Appellate Ruling Affirms Maryland's 'Wal-Mart' Health Law Dismissal

January 17, 2007 ( - A federal appellate court has handed a business lobbying group a legal victory by upholding a lower court ruling that threw out a Maryland law that would have forced large employers to spend a minimum on employee health coverage or face penalties.

The 4 th  U.S. Circuit Court of Appeals, in a split two to one opinion, agreed with U.S. District Court Judge J. Frederick Motz of the U.S. District Court for the District of Maryland who ruled in July 2006 that the Maryland state statute was pre-empted by the federal Employee Retirement Income Security Act (ERISA) (See Judge: ERISA Trumps MD ‘Wal-Mart’ Health Care Law ).  

Maryland ‘s so-called Fair Share law, which state legislators passed over Governor Bob Ehrlich’s veto, required employers with more than 10,000 employees in the state to spend an amount equal to at least 8% of payroll on health care coverage or pay the difference into a state fund. The way the law was written, it only would have applied to retail giant Wal-Mart.

Circuit Judge Paul V. Niemeyer, writing for the appellate court, said the appellate panel had to respect ERISA’s goal of an orderly administration of employee benefits by larger employers with operations in more than one state.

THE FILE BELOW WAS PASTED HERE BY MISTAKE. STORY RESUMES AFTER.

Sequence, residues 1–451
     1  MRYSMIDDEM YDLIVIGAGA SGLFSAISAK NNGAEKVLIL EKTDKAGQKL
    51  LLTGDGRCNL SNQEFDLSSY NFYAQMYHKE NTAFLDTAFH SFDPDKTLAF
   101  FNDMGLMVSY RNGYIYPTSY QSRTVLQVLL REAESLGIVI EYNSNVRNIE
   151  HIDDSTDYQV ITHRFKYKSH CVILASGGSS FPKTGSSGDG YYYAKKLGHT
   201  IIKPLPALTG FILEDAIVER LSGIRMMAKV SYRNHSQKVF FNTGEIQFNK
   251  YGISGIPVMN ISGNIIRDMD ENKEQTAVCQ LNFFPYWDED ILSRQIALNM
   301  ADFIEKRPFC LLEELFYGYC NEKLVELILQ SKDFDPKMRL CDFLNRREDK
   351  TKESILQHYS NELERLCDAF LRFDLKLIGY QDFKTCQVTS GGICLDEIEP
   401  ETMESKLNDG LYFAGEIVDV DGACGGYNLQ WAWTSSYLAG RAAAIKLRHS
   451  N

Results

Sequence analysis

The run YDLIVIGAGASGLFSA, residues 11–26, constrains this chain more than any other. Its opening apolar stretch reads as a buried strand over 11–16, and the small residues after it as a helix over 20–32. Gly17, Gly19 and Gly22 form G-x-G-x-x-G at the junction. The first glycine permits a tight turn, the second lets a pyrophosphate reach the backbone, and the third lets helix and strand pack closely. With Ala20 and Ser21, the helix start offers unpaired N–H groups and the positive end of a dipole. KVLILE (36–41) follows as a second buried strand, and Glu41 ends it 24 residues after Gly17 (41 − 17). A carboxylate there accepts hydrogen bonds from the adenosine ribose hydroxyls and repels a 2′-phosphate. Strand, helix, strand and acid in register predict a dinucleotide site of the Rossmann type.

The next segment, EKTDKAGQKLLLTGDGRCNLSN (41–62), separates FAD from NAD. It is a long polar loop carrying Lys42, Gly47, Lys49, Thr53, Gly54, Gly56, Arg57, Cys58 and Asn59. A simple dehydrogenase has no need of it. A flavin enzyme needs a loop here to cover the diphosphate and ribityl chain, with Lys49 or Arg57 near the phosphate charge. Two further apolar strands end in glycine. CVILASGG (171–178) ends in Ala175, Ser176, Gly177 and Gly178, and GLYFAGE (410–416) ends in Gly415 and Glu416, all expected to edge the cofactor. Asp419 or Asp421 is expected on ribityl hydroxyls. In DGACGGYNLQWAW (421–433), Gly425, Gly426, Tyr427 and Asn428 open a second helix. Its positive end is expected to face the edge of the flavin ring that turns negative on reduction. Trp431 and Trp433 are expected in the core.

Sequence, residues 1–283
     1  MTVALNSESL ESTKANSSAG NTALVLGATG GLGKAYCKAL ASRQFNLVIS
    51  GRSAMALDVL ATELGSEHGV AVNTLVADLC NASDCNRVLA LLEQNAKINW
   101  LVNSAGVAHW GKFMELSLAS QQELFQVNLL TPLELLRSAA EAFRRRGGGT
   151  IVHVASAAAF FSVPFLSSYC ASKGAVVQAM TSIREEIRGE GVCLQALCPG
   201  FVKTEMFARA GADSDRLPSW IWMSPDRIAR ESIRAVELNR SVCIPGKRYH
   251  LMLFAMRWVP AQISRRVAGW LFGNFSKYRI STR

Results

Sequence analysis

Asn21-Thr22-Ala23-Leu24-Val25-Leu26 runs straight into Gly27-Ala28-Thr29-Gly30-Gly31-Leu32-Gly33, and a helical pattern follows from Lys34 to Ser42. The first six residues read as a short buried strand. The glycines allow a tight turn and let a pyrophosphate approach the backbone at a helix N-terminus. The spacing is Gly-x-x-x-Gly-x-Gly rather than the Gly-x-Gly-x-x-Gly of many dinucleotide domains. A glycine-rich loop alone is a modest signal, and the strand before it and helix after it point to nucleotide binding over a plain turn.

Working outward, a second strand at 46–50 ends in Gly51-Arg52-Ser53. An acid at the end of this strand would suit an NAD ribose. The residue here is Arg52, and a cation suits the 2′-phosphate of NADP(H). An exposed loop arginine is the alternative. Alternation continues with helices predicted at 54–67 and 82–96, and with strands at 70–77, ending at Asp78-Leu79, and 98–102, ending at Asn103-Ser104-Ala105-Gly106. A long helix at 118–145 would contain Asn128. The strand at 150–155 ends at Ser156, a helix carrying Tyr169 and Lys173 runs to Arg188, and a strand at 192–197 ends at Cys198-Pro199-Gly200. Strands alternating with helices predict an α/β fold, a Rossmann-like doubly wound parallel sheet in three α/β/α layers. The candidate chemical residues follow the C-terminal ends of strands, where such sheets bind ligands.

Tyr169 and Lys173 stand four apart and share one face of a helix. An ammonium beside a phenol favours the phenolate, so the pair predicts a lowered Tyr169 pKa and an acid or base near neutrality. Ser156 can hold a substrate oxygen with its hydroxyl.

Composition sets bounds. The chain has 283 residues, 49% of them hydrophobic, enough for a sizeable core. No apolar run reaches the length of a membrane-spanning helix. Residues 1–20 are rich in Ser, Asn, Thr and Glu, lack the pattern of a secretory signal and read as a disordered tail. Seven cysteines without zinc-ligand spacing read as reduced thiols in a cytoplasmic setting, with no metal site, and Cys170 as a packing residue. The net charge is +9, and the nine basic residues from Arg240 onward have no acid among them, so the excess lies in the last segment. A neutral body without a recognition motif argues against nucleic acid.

“The Maryland General Assembly, in furtherance of its effort to require Wal-Mart to spend more money on employee health benefits and thus reduce Wal-Mart’s employees’ reliance on Medicaid, enacted the Fair Share Act,” Niemeyer wrote. “Not disguised wasMaryland’s purpose to require Wal-Mart to change, at least in Maryland, its employee benefit plans and how they are administered. This goal, however, directly clashes with ERISA’s preemption provision and ERISA’s purpose of authorizing Wal-Mart and others like it to provide uniform healthbenefits to its employees on a nationwide basis.”

Niemeyer continued in the majority opinion: “Were we to approveMaryland’s enactment solely for its noble purpose, we would be leading a charge against the foundational policy of ERISA, and surely other states and local governments would follow. As sensitive as we are to the right of Maryland and other states to enact laws of their own choosing, we are also bound to enforce ERISA as the ‘supreme Law of the Land’.”

The ruling was welcomed by the Retail Industry Leaders Assn., an Arlington, Virginia-based trade group, which challenged theMaryland law, according to a Business Insurance news report.

The 4th Circuit opinion is here .